One of the questions I often get asked since I live in and write about NYC is “what is your absolute favorite thing to do or see in New York”? I am fortunate to have explored hundreds of the top and secret spots around this beautiful city and have finally narrowed it down to my top 11 favorite things to do in New York. Some can be a little “touristy”, but they’re well-visited for good reason and I will share my local tips and tricks to see each in the best light with the least crowds.
11. Washington Square Park
The first park many visitors think of when visiting NYC is often Central Park, which is amazing – don’t get me wrong, but it’s so huge and some parts can be a little touristy. Visit Washington Square Park to see how locals and students gather to sunbathe, enjoy street performers or just take a photo with the arch. It was featured in my favorite TV show, Mrs. Maisel, showing an important historic protest against the roadway expansion that successfully stopped traffic from going right through the Park.
Morning light is always my favorite here but visit later in the afternoon to watch the park come alive with street performers and musicians entertaining visitors. Even when it’s crowded, it’s worth a visit. My favorite time of year here is definitely spring when the Magnolia trees are flowering, and everyone is out enjoying the park.
10. Times Square
Times Square is always a love-hate relationship for any local or onlooker. It is a must-see for any first-time visitor, but it depends on the person how long you can stand some of the crowds and people asking for money. I highly recommend visiting for at least 20 minutes to marvel at all the lights and craziness that is Times Square. There is no bad lighting in Times Square except maybe midday when shadows can be harsh. It’s great to see during the day or even at night with less crowds, when it’s hard to tell it’s even dark outside since this area is still all lit up by the billboards.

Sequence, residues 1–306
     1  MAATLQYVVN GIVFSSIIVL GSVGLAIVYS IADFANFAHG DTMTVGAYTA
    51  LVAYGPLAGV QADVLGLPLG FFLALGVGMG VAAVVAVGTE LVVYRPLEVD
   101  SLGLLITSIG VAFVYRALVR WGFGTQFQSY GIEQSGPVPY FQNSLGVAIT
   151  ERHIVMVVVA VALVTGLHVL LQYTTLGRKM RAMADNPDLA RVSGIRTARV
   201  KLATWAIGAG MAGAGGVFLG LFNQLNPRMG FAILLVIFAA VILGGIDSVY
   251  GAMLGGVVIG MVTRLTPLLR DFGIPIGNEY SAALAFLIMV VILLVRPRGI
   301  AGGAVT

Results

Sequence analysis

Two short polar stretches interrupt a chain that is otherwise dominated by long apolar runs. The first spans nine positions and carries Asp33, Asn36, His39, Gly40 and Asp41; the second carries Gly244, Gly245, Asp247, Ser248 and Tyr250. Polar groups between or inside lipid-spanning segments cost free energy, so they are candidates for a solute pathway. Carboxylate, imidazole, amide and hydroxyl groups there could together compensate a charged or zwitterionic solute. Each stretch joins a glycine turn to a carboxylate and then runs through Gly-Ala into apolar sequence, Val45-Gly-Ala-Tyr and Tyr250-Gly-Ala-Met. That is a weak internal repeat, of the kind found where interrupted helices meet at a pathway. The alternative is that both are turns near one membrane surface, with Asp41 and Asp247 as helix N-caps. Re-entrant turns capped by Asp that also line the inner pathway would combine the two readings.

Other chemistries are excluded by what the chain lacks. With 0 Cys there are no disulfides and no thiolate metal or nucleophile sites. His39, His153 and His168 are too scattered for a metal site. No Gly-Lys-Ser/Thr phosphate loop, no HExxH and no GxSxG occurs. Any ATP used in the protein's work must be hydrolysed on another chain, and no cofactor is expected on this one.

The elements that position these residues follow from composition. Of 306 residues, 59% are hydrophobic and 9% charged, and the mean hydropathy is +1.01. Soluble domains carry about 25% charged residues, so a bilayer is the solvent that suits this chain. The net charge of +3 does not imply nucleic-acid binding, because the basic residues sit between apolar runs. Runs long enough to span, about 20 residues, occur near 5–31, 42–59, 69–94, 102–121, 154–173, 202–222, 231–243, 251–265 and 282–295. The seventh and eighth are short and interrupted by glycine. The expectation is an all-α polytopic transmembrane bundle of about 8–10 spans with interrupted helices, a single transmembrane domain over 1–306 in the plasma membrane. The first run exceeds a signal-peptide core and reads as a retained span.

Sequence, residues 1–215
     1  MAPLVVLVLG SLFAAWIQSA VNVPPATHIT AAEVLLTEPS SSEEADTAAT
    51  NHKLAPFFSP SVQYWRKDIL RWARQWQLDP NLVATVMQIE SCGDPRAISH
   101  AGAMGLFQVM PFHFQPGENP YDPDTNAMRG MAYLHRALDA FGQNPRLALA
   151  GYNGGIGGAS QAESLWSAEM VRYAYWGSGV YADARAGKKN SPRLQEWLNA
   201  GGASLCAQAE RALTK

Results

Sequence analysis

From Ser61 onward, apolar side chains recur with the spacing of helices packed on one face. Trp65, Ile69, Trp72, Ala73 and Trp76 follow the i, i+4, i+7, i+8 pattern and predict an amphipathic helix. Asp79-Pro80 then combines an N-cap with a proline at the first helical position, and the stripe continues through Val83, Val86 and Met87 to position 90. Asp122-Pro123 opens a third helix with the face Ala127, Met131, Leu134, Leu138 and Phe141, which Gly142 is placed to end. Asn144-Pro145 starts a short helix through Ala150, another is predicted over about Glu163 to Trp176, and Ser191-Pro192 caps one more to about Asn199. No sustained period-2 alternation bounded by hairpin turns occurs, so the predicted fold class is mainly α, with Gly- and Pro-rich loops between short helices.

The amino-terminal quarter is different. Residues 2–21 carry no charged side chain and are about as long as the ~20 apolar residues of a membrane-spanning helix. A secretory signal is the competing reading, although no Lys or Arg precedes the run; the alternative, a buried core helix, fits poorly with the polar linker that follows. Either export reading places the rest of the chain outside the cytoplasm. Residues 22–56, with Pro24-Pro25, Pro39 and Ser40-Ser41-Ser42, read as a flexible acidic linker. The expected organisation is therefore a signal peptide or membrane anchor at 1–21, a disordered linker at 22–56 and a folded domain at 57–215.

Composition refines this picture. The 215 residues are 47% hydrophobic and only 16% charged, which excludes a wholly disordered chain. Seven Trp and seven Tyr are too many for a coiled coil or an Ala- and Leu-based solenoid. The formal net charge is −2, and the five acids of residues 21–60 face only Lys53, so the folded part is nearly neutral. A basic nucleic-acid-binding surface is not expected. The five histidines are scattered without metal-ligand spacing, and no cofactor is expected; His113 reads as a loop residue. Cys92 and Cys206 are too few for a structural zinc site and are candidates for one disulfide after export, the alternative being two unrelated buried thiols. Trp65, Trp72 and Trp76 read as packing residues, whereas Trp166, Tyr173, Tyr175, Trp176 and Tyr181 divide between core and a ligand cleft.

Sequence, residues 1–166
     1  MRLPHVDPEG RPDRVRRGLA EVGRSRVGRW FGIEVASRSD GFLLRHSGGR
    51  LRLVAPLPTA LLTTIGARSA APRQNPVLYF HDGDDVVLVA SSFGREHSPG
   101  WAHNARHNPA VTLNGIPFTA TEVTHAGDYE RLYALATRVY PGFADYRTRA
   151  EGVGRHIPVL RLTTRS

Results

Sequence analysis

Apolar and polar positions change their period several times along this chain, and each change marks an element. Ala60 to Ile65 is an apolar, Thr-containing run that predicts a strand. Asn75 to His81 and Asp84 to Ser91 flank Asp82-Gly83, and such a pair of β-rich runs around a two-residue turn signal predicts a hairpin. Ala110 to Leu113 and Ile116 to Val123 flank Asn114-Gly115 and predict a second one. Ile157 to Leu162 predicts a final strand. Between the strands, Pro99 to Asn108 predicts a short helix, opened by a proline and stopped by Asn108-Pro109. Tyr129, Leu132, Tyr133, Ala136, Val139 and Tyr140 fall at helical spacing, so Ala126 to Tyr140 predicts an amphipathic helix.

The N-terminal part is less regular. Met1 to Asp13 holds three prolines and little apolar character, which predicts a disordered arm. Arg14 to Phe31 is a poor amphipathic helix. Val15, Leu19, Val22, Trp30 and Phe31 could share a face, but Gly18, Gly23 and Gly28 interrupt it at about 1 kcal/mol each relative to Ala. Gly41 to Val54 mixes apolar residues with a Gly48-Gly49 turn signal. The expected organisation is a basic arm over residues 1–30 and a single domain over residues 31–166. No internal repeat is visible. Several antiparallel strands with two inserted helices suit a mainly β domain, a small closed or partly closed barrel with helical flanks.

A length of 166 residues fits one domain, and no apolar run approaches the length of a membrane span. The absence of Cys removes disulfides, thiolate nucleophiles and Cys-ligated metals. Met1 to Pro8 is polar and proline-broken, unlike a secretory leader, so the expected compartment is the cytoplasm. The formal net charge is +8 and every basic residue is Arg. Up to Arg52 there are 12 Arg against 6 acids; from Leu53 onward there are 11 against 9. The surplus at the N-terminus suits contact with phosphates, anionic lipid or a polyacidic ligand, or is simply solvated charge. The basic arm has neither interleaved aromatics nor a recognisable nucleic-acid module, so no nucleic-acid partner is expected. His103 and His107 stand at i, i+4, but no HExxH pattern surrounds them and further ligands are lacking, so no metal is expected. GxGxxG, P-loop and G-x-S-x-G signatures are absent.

9. Flatiron Building and District
Since I’ve worked in two offices in this area and even lived on 23rd Street, I know the Flatiron district well, I even made an entire Flatiron Guide! No matter how many times I walk past this uniquely shaped Flatiron building, I can’t stop taking photos of it or enjoying new angles of it.
This is one of the few places I would recommend you do not shoot early in the morning, but instead go at midday when the sun is just behind the building and can create a flare of light at the right angle. I have shot this many mornings and even thought it can be a little less crowded, the light moves quickly and hits the left side of the building with some jagged harsh shadows of the buildings in front of it.
The next four seem to have a train or transportation theme.
8. NY Transit Museum
The NY Transit Museum is one of the lesser-known museums but is great for kids and adults who especially love NYC history and trains. Learn about the evolution of the subway map or why they got rid of tokens. My favorite part of this has to be that you can step right onto historic trains in the basement of this old subway station. If you ever ride a nostalgia train during the holidays, these are the trains that they put in service during those weeks. I love laughing at the dated advertising and seeing first-hand how the train seats, handles and overall design changed so much from decade to decade.
Since the entrance to this museum is just like a subway entrance – a stairway down into an old subway station, lighting is not an issue. I would recommend avoiding school hours as when I visited there were a number of kids. My favorite time to visit is actually about one to two hours before they close, when most people are leaving, you can feel like you have the place all to yourself.